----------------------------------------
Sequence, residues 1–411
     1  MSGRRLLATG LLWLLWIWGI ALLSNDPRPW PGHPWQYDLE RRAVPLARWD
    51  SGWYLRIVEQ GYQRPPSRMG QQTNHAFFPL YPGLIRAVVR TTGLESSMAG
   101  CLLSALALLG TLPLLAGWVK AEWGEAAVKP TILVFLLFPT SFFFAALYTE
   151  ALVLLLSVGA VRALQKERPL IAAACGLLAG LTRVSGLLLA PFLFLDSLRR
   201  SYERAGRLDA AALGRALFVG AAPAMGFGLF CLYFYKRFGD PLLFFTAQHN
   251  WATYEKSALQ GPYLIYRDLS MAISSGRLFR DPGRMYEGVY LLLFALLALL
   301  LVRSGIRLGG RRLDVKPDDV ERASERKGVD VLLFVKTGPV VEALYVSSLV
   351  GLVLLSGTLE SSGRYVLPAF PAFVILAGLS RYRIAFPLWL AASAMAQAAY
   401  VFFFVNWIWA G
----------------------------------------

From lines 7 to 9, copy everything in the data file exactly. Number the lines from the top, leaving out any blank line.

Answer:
   251  WATYEKSALQ GPYLIYRDLS MAISSGRLFR DPGRMYEGVY LLLFALLALL
   301  LVRSGIRLGG RRLDVKPDDV ERASERKGVD VLLFVKTGPV VEALYVSSLV
   351  GLVLLSGTLE SSGRYVLPAF PAFVILAGLS RYRIAFPLWL AASAMAQAAY